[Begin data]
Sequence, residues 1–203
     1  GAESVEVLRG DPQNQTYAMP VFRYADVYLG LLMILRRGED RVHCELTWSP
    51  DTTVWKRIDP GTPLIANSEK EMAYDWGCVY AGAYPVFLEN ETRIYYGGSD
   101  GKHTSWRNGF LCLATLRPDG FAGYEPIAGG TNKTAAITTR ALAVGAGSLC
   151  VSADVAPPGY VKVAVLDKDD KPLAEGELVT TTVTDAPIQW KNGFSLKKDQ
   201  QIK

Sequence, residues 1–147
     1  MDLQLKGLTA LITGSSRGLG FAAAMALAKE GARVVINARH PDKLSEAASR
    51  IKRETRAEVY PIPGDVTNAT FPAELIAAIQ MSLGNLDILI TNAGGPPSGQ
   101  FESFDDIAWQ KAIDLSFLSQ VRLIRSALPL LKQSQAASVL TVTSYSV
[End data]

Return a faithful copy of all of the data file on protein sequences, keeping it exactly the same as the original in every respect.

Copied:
Sequence, residues 1–203
     1  GAESVEVLRG DPQNQTYAMP VFRYADVYLG LLMILRRGED RVHCELTWSP
    51  DTTVWKRIDP GTPLIANSEK EMAYDWGCVY AGAYPVFLEN ETRIYYGGSD
   101  GKHTSWRNGF LCLATLRPDG FAGYEPIAGG TNKTAAITTR ALAVGAGSLC
   151  VSADVAPPGY VKVAVLDKDD KPLAEGELVT TTVTDAPIQW KNGFSLKKDQ
   201  QIK

Sequence, residues 1–147
     1  MDLQLKGLTA LITGSSRGLG FAAAMALAKE GARVVINARH PDKLSEAASR
    51  IKRETRAEVY PIPGDVTNAT FPAELIAAIQ MSLGNLDILI TNAGGPPSGQ
   101  FESFDDIAWQ KAIDLSFLSQ VRLIRSALPL LKQSQAASVL TVTSYSV